Unclaimed dogs found Orpington Traveller site. Contact police for more info.Unclaimed dogs
The Dogs below were recovered from a Traveller site in Orpington. All are believed to have been stolen, with some having had Chips removed. Please circulate to your friends and let’s help get these little Guys & Girls back to their rightful families. Call 101 and quote Met Police operation Medusa ( the dogs were recovered in Sept 2020, but this photo was re-broadcast on 17.02.21)
 

SteveHants

Member
Livestock Farmer
Another positive example?

May be an image of dog and text



2 April at 10:51 ·
Unclaimed dogs found Orpington Traveller site. Contact police for more info.Unclaimed dogs
The Dogs below were recovered from a Traveller site in Orpington. All are believed to have been stolen, with some having had Chips removed. Please circulate to your friends and let’s help get these little Guys & Girls back to their rightful families. Call 101 and quote Met Police operation Medusa ( the dogs were recovered in Sept 2020, but this photo was re-broadcast on 17.02.21)

Again.
Some travellers have stolen something - this makes them criminals and they should be prosecuted.
Should we crimialise all travellers for that?
Do you think that criminalising all travellers will make them commit more or less crime?
If it makes them commit more crime, what do you propose we do about that?

You do realise that you are making my earlier point:

"Wherever nomadic and settled groups coexist, there is conflict, and this is often used to bring in draconian legislation of this nature - in almost every authoritarian far right society, it was the Gypsies that were targeted first. "

for me, don't you?
 

BrianV

Member
Livestock Farmer
Again.
Some travellers have stolen something - this makes them criminals and they should be prosecuted.
Should we crimialise all travellers for that?
Do you think that criminalising all travellers will make them commit more or less crime?
If it makes them commit more crime, what do you propose we do about that?

You do realise that you are making my earlier point:

"Wherever nomadic and settled groups coexist, there is conflict, and this is often used to bring in draconian legislation of this nature - in almost every authoritarian far right society, it was the Gypsies that were targeted first. "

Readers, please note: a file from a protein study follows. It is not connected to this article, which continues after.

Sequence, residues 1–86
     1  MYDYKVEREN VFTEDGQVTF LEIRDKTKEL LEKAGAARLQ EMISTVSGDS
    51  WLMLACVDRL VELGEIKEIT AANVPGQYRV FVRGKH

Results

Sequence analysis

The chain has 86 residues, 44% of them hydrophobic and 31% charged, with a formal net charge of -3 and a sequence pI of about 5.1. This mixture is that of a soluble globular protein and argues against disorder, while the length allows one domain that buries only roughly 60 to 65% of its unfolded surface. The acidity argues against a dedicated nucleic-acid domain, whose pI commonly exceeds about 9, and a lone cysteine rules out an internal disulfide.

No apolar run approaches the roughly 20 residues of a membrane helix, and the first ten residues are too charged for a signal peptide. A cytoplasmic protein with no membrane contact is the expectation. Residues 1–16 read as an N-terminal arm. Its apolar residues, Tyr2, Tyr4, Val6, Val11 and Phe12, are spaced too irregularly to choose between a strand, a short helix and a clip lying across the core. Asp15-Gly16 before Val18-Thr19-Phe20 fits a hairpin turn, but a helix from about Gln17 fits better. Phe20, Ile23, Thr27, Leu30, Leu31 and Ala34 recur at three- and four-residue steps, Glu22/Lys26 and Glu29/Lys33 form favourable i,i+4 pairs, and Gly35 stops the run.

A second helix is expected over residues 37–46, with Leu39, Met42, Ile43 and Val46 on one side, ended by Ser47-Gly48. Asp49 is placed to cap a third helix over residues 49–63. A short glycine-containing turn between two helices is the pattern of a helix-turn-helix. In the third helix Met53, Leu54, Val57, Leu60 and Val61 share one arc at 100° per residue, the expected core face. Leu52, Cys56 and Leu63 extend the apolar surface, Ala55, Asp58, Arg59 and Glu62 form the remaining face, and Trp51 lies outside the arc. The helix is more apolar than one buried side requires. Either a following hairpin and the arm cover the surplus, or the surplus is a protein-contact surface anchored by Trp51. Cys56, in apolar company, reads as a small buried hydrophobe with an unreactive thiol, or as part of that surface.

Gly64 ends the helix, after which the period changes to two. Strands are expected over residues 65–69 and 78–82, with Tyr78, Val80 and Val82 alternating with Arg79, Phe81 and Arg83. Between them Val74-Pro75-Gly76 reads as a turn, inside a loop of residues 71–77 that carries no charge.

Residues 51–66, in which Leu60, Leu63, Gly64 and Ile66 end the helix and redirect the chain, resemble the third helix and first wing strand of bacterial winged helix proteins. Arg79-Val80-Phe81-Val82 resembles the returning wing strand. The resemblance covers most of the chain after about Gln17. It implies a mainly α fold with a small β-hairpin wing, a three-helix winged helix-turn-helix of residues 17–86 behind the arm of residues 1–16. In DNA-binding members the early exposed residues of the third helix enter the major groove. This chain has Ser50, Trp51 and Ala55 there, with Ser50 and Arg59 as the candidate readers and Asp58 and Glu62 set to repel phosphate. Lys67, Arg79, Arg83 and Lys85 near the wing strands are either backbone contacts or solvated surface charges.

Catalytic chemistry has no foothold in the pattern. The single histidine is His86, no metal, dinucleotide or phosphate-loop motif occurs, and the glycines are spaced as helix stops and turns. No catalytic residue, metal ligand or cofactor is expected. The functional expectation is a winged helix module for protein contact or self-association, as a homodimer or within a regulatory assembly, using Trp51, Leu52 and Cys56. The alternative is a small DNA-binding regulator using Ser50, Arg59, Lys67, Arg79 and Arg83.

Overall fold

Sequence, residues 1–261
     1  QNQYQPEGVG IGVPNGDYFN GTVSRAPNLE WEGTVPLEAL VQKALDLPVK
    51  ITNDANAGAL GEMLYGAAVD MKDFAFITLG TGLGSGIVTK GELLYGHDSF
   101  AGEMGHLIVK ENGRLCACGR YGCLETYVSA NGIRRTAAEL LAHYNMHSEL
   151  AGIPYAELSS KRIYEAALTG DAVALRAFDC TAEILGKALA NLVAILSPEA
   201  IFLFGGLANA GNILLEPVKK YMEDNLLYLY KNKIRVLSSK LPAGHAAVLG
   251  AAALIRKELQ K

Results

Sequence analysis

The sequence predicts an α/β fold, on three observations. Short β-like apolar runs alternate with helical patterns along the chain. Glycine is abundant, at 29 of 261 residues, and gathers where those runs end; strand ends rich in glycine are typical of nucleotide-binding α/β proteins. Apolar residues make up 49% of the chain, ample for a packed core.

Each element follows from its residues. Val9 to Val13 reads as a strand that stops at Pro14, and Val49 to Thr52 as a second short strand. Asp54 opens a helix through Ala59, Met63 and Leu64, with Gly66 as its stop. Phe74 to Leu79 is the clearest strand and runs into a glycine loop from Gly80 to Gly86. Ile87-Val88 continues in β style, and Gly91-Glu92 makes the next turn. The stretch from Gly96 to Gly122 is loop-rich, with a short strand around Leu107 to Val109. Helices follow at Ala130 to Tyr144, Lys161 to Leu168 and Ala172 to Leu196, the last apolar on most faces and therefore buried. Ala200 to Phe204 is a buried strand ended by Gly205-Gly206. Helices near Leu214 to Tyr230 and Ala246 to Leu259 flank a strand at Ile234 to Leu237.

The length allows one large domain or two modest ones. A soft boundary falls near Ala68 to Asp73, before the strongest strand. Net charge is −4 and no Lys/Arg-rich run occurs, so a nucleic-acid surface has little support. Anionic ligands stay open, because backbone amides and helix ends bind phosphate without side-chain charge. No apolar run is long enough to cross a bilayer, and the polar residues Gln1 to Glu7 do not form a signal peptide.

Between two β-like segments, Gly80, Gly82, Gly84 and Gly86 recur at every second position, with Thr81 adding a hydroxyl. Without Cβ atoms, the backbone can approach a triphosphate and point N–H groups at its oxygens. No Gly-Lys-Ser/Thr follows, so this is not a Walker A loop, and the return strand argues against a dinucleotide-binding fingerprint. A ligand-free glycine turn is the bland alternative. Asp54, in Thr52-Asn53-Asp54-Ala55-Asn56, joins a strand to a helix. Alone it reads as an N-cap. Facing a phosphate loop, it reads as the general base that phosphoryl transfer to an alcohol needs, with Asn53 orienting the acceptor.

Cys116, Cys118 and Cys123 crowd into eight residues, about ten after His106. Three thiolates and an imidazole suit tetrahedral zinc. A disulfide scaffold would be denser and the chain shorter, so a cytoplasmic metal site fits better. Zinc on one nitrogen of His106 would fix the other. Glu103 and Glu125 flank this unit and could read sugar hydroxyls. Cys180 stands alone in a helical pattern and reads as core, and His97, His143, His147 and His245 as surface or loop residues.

for me, don't you?
What a load of horse sh!t, majority of travellers do so because it's an easy way of avoiding prosecution, when things get a little hot they simply move on to their next victims, with no fixed abode the police cannot really prosecute.
How else do you explain where they get the funds to live & buy such expensive caravans etc, permanent honest employment? The police should be able to seize vehicles when they trespass otherwise they are gone, now that would be a law to support!
 
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roscoe erf

Member
Livestock Farmer
 

New report underlines need for joined-up action to protect rivers

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New report underlines need for joined-up action to protect rivers

Written by Defra Press Office

A wide river is in view in a valley in the background, a drystone wall is behind the river, and large, green trees are prominent in the scene.


The Rivers Trust has today launched its State of Our Rivers report aiming to allow the English public understand and explore the health of their rivers on a national and local scale.

Environment Minister Rebecca Pow and Environment Agency Director John Leyland attended the launch panel to discuss the ways in which the...